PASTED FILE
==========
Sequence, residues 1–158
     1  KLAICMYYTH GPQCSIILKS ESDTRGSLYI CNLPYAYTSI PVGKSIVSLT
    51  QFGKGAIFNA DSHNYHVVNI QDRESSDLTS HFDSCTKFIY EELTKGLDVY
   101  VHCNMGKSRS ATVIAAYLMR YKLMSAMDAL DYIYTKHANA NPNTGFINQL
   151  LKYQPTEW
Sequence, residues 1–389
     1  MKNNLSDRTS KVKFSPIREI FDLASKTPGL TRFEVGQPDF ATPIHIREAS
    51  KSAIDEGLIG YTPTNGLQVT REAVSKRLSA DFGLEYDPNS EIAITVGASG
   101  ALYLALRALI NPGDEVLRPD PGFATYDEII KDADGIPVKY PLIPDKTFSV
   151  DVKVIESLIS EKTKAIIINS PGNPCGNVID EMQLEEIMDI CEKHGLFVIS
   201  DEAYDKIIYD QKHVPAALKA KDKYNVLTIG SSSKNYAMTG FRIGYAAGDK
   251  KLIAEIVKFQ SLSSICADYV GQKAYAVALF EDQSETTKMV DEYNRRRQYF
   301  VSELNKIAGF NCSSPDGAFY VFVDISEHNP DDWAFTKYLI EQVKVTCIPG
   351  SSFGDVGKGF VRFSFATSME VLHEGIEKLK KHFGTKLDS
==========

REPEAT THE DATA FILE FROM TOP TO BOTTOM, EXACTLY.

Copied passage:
Sequence, residues 1–158
     1  KLAICMYYTH GPQCSIILKS ESDTRGSLYI CNLPYAYTSI PVGKSIVSLT
    51  QFGKGAIFNA DSHNYHVVNI QDRESSDLTS HFDSCTKFIY EELTKGLDVY
   101  VHCNMGKSRS ATVIAAYLMR YKLMSAMDAL DYIYTKHANA NPNTGFINQL
   151  LKYQPTEW
Sequence, residues 1–389
     1  MKNNLSDRTS KVKFSPIREI FDLASKTPGL TRFEVGQPDF ATPIHIREAS
    51  KSAIDEGLIG YTPTNGLQVT REAVSKRLSA DFGLEYDPNS EIAITVGASG
   101  ALYLALRALI NPGDEVLRPD PGFATYDEII KDADGIPVKY PLIPDKTFSV
   151  DVKVIESLIS EKTKAIIINS PGNPCGNVID EMQLEEIMDI CEKHGLFVIS
   201  DEAYDKIIYD QKHVPAALKA KDKYNVLTIG SSSKNYAMTG FRIGYAAGDK
   251  KLIAEIVKFQ SLSSICADYV GQKAYAVALF EDQSETTKMV DEYNRRRQYF
   301  VSELNKIAGF NCSSPDGAFY VFVDISEHNP DDWAFTKYLI EQVKVTCIPG
   351  SSFGDVGKGF VRFSFATSME VLHEGIEKLK KHFGTKLDS